Looking at other indicators, the average Days On Market has risen slightly from 104 last year to 117 this year while the average sale price to list price ratio has stayed about the same at 97.43%. The stability of these numbers is a good sign for the market.

Following interest rates, we have seen about a .5% rise over the last few months. Being that we're still at incredibly low rates in the mid 4% range, I don't think the slowly rising interest rates have had a big effect on the market to this point.

Lastly, perhaps the healthiest sign in today's market is the incredibly low inventory of Big Bear homes for sale. Currently in the Big Bear MLS, there are only 280 home listings. To put this in perspective, the figure below shows a short history of inventory.

Big Bear Home Inventory

With inventory so low, buyers compete to buy listings thus driving prices higher. Coupled with decent interest rates and a strong economy, things are looking good for the Big Bear real estate market in 2018.

Posted in Market Reports
March 1, 2018

Big Bear Lake's Changing Water Level and Its Effect on Home Sales

Lake Level History

In the midst of one of Big Bear's driest winters on record, there seems to be continued concern about the effect that Big Bear Lake's low water levels may have on real estate sales. If you've lived in Big Bear long enough, you've seen the lake this low before. In fact, if you look at the records from the Big Bear Municipal Water District, you'll see what appears to be somewhat of a pattern in the fluctuation of lake levels over time.

Bigh Bear Lake Levels March

Noticing the up and down nature of the lake's water levels, it is interesting to see how it takes several years for levels to decline yet the lake typically bounces back much faster. Two examples of this are when the lake filled 12 feet in 1992-1993 and 10 feet in 2004-2005. This leaves hope that if and when Mother Nature does decide to show up, the lake can - and historically does - fill up quickly.

Also note that the graph above shows measurements for the month of March. Typically, the lake will lose between 3-5 feet of water from its high point in the spring to its low point in the late fall. For example, when the lake was at this low a level back in 2004, the high point of the lake was in April when it was 14 feet 2 inches from full. By October of that year, the lake hit a low of 17 feet 6 inches, representing a drop of 3 feet 4 inches over the summer months.

If the lake has similar declines this summer, we may see the lake drop to 18 - 19 feet from full, which would be the lowest point in the 32 years that the BBMWD has kept records.

Miracle March?

As of late, I have heard a few local optimists predicting another "Miracle March", suggesting that the lake may still see significant help before winter's end by a potential flurry of late season storms.

The legendary and renowned "Miracle March" occurred in 1991 when Big Bear received 24.24 inches of precipitation, much of it in the form of snow, during the 31 days of March. In comparison, here are the precipitation numbers in inches for the month of March over the last five years; 1.08, 3.33, 1.28, 2.48 and 1.48. So the 24.24 inches from March of 1991 made for quite a white and wet month and is deserving of legendary status.

But how much of a difference did 1991's Miracle March make for the lake's water level?

In February of 1991, right before the "miracle", the lake was at 14 feet 6 inches from full. The high point of the lake later that year was 11 feet from full. So even with over 24 inches of precipitation in March, the lake level only rose 3.5 feet that year. In short, although a March Miracle would be welcomed, it might not result in the water level rebound one would expect.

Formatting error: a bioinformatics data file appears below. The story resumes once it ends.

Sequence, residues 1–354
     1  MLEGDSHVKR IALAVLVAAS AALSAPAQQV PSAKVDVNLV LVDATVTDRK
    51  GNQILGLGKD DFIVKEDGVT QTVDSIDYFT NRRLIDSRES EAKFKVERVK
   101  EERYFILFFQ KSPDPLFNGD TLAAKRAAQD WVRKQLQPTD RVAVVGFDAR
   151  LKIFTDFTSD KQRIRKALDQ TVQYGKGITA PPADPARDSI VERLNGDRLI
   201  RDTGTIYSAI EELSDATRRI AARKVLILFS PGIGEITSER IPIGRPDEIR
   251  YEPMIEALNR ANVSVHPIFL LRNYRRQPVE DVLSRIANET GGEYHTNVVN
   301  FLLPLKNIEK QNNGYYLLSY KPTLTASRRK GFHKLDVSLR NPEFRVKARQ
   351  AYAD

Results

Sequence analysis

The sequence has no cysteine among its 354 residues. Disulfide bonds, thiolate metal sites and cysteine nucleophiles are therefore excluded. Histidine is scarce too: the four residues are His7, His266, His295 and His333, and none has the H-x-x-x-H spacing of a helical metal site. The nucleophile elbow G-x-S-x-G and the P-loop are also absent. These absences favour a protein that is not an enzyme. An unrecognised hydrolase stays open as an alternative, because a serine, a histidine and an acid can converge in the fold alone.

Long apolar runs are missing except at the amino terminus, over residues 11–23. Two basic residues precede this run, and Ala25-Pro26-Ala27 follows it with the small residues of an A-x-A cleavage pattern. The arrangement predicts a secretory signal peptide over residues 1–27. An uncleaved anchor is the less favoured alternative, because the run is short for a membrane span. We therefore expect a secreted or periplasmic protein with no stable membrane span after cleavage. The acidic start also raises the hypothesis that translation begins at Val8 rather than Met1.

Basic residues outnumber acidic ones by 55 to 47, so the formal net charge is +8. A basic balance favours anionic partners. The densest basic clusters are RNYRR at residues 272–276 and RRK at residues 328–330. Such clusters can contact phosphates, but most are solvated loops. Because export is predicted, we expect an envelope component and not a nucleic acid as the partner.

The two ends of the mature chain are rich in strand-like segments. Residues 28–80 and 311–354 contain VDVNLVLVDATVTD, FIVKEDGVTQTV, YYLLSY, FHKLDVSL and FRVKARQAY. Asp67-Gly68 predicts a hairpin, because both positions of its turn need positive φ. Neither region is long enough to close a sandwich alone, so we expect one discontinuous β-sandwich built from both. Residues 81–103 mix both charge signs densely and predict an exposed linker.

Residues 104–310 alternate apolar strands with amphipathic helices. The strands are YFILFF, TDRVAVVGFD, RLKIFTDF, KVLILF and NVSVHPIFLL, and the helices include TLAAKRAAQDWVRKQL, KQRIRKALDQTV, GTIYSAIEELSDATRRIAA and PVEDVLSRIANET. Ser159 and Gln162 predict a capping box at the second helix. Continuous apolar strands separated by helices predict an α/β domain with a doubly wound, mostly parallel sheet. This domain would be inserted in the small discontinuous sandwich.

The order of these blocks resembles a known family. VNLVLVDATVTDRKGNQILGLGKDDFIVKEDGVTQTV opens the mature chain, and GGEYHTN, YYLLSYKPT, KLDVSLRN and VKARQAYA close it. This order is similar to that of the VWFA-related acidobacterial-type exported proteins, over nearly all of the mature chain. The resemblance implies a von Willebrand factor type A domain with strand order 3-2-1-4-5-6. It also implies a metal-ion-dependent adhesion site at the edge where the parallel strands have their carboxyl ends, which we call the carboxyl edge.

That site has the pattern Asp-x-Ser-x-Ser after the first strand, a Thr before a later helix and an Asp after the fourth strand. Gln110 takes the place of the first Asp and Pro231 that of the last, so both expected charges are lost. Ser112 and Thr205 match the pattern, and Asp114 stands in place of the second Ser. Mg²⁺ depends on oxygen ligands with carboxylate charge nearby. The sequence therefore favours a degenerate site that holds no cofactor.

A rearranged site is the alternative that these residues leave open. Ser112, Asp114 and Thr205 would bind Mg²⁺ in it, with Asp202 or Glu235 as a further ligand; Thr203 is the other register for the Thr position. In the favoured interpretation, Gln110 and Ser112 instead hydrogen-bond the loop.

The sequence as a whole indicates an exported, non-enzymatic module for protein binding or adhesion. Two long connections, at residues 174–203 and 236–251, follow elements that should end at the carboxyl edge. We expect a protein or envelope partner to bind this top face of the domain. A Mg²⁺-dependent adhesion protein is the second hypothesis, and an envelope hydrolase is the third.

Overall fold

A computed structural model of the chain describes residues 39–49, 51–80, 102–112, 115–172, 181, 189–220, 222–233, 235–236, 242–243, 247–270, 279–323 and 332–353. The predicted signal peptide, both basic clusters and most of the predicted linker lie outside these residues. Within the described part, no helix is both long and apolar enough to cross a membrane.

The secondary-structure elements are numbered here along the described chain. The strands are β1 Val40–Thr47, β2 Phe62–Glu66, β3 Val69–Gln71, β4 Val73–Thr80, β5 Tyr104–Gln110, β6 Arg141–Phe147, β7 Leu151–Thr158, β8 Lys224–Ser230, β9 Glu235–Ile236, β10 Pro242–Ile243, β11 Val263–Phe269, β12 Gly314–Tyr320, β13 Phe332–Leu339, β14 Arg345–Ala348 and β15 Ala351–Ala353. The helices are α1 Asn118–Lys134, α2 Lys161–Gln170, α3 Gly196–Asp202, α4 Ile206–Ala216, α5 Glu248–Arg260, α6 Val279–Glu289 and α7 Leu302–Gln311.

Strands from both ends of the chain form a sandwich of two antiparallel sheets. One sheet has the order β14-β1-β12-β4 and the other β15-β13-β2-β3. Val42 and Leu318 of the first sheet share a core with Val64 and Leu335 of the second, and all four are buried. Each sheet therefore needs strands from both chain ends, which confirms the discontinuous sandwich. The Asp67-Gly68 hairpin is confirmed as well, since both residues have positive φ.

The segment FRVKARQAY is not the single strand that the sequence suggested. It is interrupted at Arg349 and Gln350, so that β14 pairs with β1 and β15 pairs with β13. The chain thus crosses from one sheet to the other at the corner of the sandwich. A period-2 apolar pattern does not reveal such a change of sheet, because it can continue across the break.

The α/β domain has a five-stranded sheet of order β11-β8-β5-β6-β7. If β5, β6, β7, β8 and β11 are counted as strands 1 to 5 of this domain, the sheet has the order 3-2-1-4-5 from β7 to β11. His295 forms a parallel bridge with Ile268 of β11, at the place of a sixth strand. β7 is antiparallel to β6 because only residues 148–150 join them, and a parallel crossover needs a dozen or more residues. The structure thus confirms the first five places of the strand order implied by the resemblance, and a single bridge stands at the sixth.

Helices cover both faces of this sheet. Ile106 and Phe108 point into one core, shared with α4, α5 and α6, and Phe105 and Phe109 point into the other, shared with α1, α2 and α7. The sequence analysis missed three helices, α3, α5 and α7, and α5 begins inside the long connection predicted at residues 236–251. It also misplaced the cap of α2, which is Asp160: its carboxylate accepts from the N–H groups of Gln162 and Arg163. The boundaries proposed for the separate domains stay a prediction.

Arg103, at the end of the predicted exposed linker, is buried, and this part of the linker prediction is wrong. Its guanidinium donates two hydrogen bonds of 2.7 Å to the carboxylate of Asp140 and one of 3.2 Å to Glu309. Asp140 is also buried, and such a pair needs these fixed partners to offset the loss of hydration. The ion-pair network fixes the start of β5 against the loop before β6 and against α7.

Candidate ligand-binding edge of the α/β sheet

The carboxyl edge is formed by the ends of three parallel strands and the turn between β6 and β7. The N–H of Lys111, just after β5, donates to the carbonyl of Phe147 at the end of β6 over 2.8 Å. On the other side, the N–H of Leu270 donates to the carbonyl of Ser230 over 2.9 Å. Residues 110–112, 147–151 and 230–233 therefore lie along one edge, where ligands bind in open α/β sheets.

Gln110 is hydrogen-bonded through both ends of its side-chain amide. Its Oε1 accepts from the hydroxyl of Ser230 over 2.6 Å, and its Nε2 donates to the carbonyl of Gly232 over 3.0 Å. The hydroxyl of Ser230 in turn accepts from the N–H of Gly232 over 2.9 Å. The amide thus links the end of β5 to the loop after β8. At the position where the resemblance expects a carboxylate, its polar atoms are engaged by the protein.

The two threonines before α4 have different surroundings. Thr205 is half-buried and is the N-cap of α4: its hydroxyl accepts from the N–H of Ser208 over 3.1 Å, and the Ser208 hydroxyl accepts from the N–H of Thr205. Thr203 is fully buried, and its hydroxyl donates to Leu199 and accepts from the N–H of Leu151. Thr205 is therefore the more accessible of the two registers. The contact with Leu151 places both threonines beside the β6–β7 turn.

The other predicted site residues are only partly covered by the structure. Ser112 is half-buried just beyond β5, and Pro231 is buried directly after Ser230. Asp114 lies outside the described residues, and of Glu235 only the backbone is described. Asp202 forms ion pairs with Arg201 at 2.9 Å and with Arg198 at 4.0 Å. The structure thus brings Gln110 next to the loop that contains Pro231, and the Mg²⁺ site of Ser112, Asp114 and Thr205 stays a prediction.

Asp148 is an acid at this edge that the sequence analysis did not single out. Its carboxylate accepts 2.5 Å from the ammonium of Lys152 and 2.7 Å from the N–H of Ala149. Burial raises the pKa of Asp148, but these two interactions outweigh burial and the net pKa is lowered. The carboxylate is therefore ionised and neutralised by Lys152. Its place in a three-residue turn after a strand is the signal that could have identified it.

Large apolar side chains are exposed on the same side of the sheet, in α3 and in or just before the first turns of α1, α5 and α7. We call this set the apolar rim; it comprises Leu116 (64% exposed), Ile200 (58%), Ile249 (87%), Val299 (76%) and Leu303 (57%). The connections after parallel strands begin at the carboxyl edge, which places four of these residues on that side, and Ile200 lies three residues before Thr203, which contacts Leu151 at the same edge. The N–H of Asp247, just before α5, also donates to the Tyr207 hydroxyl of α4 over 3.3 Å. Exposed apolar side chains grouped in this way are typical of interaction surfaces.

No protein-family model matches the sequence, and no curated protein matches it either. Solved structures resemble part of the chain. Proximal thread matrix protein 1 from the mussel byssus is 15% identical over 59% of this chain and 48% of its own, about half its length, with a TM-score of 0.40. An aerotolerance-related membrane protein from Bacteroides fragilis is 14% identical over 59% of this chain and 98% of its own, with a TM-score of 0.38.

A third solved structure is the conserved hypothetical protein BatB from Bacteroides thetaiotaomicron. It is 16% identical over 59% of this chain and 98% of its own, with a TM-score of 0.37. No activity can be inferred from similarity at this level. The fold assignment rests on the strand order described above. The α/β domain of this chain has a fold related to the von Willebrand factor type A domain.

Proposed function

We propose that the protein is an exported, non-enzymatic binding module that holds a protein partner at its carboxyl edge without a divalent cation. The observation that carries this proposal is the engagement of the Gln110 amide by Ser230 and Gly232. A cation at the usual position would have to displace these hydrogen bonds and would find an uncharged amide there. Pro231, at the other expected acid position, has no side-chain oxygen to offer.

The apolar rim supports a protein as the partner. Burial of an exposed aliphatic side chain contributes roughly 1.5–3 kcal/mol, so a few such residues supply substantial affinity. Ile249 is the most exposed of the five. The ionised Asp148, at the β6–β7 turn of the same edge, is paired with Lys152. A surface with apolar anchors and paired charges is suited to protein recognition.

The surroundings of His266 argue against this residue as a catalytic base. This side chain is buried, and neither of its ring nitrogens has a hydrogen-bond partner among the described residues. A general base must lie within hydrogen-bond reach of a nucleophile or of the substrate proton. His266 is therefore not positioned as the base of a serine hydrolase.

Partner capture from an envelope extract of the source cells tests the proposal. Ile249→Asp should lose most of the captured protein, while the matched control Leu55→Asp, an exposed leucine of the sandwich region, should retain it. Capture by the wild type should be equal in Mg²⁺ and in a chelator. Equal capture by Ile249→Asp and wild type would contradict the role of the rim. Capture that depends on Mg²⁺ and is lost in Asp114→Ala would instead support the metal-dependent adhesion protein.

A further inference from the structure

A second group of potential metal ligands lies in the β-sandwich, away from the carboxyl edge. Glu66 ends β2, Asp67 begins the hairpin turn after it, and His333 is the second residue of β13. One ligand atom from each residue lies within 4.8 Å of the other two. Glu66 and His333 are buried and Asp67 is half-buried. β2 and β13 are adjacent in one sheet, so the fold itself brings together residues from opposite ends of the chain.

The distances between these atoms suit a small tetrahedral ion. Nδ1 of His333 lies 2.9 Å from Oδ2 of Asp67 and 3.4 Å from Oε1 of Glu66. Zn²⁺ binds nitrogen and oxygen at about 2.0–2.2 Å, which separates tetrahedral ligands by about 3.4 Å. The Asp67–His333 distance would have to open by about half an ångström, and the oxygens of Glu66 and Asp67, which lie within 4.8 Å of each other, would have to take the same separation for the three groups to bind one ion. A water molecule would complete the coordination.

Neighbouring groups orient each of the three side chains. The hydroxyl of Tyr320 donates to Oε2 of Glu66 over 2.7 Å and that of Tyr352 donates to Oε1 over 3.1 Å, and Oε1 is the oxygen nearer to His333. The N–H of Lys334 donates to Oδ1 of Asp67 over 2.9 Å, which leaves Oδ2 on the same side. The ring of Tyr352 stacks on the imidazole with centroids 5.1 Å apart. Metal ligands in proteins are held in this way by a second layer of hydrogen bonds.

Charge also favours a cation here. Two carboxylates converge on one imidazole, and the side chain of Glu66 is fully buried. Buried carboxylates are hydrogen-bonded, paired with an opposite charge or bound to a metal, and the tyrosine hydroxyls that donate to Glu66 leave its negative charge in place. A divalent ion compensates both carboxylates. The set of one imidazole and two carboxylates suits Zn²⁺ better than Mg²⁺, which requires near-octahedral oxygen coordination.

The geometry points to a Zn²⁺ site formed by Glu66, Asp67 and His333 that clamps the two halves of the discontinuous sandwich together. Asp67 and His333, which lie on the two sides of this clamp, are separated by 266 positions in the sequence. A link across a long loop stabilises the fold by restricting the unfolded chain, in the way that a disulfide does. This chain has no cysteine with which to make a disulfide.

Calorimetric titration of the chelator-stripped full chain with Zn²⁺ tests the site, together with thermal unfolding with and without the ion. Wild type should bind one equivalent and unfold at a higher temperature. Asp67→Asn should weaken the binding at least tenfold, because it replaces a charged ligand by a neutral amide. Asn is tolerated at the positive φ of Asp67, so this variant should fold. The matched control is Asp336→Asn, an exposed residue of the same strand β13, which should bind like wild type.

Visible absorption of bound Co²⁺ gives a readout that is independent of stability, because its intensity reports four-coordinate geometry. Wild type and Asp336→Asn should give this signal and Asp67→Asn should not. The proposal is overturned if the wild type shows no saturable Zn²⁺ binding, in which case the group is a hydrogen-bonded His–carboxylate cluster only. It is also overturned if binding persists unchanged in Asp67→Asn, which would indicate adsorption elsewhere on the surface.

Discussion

Do Lake Levels Affect Big Bear Home Sales?

Ultimately, there are too many factors to be reliably certain of the water level's influence on Big Bear home sales. But looking at some of the sales data from 2004-2005, when the lake rebounded from 17 feet from full to just 3 feet from full in one winter, might give us some insight.

Take a look at the history of Big Bear lakefront home sales:

Big Bear Lakefront Home Sales

Note that lakefront home sales almost doubled from the 'low water year' of 2004 to the 'high water year' of 2005. This data certainly suggests that lake levels likely play a significant part in lakefront home sales. Also note that the second highest year for lakefront home sales was 2012, when the lake topped out at almost full capacity.

When we look at home sales for the overall Big Bear real estate market though, there were 1905 total sales in 2004 and 1802 total sales in 2005. So while sales of lakefront properties almost doubled when the lake filled up, overall sales were relatively unchanged, and in fact declined a little.

In my opinion, this strongly suggests that lakefront home sales can significantly be affected by Big Bear Lake's water levels, yet they have little bearing on the overall real estate market (non-lakefront) in general.

What Does this Mean for Lakefront Buyers and Sellers?

For sellers, it's really a bet as to if and when you think the lake will fill up again and whether you could take the proceeds from selling at a lower price today and invest it elsewhere for a greater, more assured profit over time.

For buyers, it is a bet as to how long it will take for the lake to fill up and potentially see significant gains on investments. For lakefront buyers, buying low and selling high has a literal meaning. If you buy when the water is low at a discount, you may be able to sell for significantly more once the lake levels are high.

Summary

Quite simply, we're likely to see some pretty low lake levels this summer. Before panicking, it's important to realize that the lake has historically had its ups and downs. Although lakefront home sales may be affected, the overall market will likely not be influenced much.

For lakefront buyers and sellers, it's really a guessing game as to when the lake's water levels might see better days again. Absent a crystal ball, nobody can tell you the future of Big Bear Lake. But referring back to the lake level graph at the beginning of this post, the previous patterns suggest we might see the lake levels bouncing back sooner rather than later.